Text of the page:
MELISSA BLOCK, host:
Author Erica Jong wrote FEAR OF FLYING in 1973. The novel was loved by some critics, loathed by others and it became an international bestseller. Jong has written a number of books since then, her latest SEDUCING THE DEMON was reviewed in the New York Times Book Review this week and it was panned.
Jong admits that in the past a nasty review really got to her, but now she thinks maybe she can learn something from the critics' stinging words.
ERICA JONG reporting:
On Sunday the New York Times Book Review called my new book SEDUCING THE DEMON "disheveled and trapped in time." That review wasn't as scary as the one in the Chicago Sun Times, which called me "a delusional car wreck."
Ever since I published FEAR OF FLYING in 1973, some reviews of my books haven't just been bad, they've been apoplectic, as if I'd committed a crime that had nothing to do with words.
Being called "a giant pudenda" by Paul Theroux still sticks three decades later. For most of my career after reading a bad review, I would take to my bed, refuse all calls, drink wine straight from the bottle, eat chocolate cakes, swear off writing and consider going into social work and fantasize about doing bodily harm to critics.
I considered hiring a hit man, but since I've always pretty much hung out with liberals and eggheads, I never had access to that phone number. So my revenge of choice would be public humiliation. Four inches taller in my black velvet boots I would splash cold vodka in my critics' eyes at the Pen Gala. Blinded for the evening they would still see the error of their ways, repent, fall to their knees and write letters of retraction.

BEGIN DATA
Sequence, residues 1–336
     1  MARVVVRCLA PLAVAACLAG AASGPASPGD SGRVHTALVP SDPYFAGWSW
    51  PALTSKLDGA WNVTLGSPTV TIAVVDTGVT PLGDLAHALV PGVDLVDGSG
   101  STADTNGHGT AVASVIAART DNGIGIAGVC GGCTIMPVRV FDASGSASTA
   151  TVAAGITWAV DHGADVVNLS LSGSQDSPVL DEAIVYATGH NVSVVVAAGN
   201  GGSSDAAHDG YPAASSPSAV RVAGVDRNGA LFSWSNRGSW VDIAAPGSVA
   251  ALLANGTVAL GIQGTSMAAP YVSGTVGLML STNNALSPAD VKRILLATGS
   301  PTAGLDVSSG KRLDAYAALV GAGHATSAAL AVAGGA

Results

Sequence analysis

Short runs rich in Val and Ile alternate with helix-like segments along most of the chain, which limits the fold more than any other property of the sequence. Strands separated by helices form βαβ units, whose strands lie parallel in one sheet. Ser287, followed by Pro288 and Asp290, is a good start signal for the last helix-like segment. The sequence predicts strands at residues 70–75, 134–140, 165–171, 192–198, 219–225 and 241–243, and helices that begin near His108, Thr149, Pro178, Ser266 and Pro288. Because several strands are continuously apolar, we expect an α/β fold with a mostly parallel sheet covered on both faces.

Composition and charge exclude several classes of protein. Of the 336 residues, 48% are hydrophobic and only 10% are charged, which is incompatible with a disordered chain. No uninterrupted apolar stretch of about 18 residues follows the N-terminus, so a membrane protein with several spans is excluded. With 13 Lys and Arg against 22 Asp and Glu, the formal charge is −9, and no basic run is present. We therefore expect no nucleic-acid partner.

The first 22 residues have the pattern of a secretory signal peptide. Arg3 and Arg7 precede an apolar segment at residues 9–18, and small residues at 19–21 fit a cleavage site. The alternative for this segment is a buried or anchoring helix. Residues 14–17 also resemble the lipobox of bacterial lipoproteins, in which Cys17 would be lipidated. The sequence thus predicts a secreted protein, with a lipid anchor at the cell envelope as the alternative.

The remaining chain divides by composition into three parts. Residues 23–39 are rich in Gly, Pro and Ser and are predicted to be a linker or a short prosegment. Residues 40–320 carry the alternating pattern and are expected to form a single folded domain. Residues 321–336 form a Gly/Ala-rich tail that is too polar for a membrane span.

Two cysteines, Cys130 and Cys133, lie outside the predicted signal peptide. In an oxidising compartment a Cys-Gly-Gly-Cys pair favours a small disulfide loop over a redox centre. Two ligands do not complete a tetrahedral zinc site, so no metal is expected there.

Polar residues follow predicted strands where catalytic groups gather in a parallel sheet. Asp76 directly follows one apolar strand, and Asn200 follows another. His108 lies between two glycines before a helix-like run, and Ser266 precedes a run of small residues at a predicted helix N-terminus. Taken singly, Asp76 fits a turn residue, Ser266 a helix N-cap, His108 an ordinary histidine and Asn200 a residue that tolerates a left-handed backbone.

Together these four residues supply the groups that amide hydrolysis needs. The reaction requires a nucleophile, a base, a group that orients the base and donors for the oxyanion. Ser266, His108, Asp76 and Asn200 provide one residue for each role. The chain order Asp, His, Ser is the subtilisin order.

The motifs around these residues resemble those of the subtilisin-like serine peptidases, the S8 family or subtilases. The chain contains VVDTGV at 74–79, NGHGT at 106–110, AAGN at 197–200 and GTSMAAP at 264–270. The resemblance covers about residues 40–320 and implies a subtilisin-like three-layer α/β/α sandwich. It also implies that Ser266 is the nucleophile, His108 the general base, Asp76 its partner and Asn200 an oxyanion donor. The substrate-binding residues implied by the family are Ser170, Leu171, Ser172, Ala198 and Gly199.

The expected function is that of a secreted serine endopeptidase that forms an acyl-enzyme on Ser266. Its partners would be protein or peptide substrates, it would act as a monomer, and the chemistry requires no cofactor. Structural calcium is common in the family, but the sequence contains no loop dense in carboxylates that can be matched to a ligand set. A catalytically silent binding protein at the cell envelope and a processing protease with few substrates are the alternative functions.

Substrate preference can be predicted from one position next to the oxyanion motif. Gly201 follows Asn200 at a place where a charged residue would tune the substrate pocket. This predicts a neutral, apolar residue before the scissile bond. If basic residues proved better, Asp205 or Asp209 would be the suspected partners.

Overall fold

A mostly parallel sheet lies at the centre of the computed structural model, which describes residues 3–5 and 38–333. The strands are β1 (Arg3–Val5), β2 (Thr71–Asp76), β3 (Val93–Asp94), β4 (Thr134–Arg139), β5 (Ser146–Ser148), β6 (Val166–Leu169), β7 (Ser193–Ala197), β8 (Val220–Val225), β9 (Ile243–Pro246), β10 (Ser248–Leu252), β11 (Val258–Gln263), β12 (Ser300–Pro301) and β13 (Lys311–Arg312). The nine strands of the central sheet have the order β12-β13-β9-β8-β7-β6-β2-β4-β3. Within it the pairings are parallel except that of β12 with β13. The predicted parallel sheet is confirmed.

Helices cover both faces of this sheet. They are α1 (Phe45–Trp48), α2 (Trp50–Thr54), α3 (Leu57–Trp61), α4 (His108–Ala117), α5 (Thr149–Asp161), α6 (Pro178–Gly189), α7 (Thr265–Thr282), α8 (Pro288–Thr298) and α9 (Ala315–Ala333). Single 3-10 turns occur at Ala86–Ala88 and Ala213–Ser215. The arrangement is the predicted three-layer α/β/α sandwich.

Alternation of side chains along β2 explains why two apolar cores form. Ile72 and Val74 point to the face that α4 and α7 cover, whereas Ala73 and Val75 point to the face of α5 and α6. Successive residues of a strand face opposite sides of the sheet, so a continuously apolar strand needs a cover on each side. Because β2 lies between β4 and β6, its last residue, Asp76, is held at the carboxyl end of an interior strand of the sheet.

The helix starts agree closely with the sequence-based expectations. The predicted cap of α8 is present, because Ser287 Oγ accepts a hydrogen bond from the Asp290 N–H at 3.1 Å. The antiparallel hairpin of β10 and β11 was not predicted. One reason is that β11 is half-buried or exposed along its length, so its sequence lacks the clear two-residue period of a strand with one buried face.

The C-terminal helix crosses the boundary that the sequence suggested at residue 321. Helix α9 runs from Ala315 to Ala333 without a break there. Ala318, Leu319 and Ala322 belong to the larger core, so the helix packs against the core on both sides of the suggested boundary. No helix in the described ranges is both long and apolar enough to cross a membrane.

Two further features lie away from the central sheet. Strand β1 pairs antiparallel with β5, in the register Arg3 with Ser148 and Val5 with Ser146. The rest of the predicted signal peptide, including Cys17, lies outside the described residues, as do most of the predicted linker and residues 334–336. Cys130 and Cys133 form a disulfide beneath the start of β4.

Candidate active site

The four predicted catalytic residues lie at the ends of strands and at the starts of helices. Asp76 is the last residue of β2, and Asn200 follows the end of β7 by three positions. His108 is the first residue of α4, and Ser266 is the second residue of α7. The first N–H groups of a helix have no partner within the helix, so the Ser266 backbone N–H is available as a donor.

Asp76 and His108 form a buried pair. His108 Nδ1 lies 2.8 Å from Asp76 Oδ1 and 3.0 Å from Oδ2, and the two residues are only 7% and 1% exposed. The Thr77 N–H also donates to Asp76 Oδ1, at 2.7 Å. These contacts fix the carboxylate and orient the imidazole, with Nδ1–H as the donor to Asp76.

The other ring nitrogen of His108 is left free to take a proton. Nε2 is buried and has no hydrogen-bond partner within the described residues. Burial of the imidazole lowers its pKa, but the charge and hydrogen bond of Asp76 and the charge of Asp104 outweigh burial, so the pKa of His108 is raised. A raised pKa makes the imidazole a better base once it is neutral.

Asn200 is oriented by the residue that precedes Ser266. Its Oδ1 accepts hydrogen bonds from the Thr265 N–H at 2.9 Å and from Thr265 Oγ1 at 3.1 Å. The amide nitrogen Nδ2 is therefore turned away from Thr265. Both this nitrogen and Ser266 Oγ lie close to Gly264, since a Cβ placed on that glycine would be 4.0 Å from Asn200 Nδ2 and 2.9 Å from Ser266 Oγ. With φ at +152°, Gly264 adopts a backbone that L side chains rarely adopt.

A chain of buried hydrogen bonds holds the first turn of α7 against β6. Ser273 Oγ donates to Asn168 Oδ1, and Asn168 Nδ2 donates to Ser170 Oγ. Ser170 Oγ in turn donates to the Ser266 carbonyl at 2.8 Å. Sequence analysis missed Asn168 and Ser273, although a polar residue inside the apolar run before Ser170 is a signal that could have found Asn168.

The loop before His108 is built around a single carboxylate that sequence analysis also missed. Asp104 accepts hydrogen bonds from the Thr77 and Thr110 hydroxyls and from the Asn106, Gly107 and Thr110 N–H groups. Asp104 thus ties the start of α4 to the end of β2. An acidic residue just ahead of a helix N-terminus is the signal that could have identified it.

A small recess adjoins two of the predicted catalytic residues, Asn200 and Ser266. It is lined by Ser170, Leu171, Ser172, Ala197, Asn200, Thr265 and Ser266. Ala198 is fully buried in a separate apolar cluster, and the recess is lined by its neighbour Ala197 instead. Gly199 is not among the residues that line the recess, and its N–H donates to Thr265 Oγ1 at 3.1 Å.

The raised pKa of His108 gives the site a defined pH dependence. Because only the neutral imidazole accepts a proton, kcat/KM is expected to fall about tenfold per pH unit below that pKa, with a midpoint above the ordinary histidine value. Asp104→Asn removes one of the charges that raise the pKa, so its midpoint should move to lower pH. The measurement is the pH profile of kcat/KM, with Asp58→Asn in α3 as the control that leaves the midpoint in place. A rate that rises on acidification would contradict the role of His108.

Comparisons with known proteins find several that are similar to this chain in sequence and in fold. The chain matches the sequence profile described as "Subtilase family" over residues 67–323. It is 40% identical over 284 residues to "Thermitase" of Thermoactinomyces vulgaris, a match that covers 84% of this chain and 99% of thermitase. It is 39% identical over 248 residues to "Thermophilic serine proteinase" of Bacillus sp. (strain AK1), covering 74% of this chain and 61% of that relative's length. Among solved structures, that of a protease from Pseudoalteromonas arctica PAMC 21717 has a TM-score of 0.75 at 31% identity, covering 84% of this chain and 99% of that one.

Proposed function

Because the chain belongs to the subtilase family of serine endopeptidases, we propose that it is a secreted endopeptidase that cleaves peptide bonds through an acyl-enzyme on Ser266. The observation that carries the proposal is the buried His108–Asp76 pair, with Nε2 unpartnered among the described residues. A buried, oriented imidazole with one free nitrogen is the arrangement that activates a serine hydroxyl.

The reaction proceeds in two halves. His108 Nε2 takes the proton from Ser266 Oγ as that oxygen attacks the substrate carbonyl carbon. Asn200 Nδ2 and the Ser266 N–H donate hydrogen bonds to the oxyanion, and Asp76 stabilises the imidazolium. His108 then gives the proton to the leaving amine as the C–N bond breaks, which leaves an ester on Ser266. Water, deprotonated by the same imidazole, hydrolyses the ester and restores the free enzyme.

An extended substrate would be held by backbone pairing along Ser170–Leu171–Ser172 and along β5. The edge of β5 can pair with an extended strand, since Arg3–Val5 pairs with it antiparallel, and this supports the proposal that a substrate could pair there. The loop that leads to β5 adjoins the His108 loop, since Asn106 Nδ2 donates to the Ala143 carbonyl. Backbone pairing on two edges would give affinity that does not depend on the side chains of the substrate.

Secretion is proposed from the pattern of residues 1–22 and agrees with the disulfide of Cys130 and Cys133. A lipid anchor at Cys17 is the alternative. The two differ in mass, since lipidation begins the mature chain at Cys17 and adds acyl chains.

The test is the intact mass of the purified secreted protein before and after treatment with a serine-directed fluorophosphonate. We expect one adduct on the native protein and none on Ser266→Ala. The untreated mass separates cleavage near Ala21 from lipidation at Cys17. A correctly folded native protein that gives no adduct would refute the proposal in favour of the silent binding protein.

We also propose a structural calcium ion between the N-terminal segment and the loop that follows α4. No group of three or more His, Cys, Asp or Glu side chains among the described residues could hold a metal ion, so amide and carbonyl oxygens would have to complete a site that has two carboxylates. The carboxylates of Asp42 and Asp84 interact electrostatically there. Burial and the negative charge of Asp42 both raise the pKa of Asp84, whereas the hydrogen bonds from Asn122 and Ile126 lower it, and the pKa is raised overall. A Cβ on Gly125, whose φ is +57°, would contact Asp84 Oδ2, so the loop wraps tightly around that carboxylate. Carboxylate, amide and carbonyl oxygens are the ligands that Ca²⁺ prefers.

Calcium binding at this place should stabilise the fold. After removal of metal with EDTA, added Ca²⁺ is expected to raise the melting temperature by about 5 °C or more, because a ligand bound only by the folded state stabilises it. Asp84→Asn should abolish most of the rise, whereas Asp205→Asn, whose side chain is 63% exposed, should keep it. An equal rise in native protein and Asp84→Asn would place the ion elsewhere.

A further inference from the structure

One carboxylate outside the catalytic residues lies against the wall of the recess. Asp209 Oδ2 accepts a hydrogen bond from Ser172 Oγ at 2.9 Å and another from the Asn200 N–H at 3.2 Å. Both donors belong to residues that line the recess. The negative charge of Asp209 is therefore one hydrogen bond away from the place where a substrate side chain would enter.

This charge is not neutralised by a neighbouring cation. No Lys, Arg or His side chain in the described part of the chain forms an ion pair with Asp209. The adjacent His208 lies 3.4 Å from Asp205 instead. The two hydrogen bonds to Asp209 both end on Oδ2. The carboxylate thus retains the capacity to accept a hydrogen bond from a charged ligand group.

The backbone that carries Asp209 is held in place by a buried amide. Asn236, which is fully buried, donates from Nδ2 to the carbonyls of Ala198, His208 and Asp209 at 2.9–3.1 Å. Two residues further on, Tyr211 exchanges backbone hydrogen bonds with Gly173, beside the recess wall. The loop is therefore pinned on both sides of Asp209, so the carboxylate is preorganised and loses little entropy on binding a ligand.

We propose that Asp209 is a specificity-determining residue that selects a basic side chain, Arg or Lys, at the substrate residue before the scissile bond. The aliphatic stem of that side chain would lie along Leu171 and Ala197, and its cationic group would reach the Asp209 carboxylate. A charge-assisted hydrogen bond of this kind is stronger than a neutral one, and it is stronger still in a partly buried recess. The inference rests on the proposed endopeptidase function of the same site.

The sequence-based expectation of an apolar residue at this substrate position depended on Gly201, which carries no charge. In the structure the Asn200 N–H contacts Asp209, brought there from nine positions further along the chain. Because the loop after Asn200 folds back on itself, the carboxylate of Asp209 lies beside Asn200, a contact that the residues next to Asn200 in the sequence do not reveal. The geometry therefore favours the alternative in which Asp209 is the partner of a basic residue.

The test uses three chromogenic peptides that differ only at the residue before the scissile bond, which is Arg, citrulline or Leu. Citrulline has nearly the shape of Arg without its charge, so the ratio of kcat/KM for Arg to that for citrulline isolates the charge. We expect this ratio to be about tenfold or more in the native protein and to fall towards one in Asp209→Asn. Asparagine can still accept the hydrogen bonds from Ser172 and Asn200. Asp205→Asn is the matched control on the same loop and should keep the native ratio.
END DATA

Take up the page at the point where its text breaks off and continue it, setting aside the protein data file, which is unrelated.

Yet I was never able to inflict my fantasy. I am neither Gore Vidal nor Camille Paglia, the only two writers who make vitriol both illuminating and entertaining. I have stood face to face with my detractors and said nothing but how are you while they shuffled from foot to foot bracing themselves for a punch or that vodka.
Am I cowardly or wise?
Wise by default. I know that revenge springs back on the avenger. Also, ever since my prescribed Welbutrin kicked in, I'm able to be a lot more mellow when I get bad news. What used to be body blows are now flaps. So instead of seeing the review as a personal vendetta or sexist attack, I'm living with the fact that the critics simply thought my book sucked.
So, how can I write a better one?
Here's how, become less self-centered. One thing my critics, my husband, my daughter and my editor all make fun of me for is my narcissism. How do I get over myself? Being a grandmother helps because it made me realize what a self-absorbed mother I was. The nanny changed my daughter's diapers. As some kind of penance I now insist on changing as many of my grandson's as my daughter and son-in-law will allow.
Besides I've always wanted to improve and evolve as a writer. I'm now writing a novel about my doppelganger, Isadora Wing, as a woman of a certain age and finally at 64, I've gotten to the point where I realize there are lives and characters more interesting than mine and Isadora's.
After inhabiting a writer's mind for decades, I'd like to inhabit the mind of my readers and, God help me, my critics, to love them instead of demanding that they love me.
BLOCK: Erica Jong is the author of FEAR OF FLYING and most recently SEDUCING THE DEMON. She lives in Manhattan.
Just for the record, the Washington Post described her newest book as "rowdy, self-deprecating and endearing."
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